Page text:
Also, if it’s inevitable that you wire through roofing and walls, secure the line by using bushings, which are electrically insulating lining. Furthermore, when wiring through the roof, use roof-entry boxes and waterproof the area after that. If, by any chance, that the wires of your outdoor light pass through flammable materials, be sure you are using flame-resistant cables, or they must be protected within non-flammable pipes. When using junction boxes or enclosures, see to it that the material is non-caustic and well-insulated, which means you can’t use metal boxes. And there should be no entry points for dust and water.
To prevent overloading, make sure you utilize the right wire size. Your local electrician is the best person to consult for this matter.
Creating a Safe Working Environment
Risk is inevitable when working on a ‘how to wire an outdoor security light’ project, but it can be minimized by adhering to safety regulations. A safe job begins in a safe environment, and so you have to make sure your environment is clutter-free. But more than just the clutter, here are a few more things that you need to remind yourself to make sure you are working in a safe environment, devoid of hazards.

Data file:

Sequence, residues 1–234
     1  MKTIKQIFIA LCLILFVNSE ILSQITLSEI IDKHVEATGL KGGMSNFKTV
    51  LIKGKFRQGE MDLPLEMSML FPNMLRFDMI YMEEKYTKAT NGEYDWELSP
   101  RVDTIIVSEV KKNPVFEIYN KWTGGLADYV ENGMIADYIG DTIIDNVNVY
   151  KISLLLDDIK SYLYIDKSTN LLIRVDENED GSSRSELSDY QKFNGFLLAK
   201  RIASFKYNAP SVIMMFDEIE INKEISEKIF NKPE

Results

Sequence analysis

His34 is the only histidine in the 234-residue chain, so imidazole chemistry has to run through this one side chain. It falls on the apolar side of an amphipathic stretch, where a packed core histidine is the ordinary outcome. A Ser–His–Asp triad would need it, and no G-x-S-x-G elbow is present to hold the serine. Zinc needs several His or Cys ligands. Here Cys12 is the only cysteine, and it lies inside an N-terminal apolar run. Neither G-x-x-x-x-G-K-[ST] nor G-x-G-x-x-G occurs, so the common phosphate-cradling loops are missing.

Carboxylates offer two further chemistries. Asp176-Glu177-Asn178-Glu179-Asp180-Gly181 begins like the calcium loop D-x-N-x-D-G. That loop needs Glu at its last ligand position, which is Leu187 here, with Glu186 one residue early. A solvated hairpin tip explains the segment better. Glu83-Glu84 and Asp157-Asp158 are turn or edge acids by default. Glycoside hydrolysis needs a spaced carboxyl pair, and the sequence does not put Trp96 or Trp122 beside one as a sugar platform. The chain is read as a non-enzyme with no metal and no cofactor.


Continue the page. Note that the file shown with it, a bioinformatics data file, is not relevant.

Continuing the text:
- Consider all conductors as charged. Even when you know you’ve turned the circuits off, it’s still to your advantage to treat all wires as life. When it comes to the preservation of life, you can never be too cautious.
- Remove the fuse out of the circuit box. Before starting the task, remove the fuse instead of just turning the circuit breaker off. You can never guess when an unknowing person will come over and turn the circuit breaker on while working on wires. It’s even best to secure the fuse in your pocket to give others a hard time turning the circuit on while you’re working outdoors.
- Tag or label the circuit to inform others of the job you are working on and prevent accidental charging of the circuit.
- Lock the circuit if you can. There’s no harm in employing an extra layer of protection.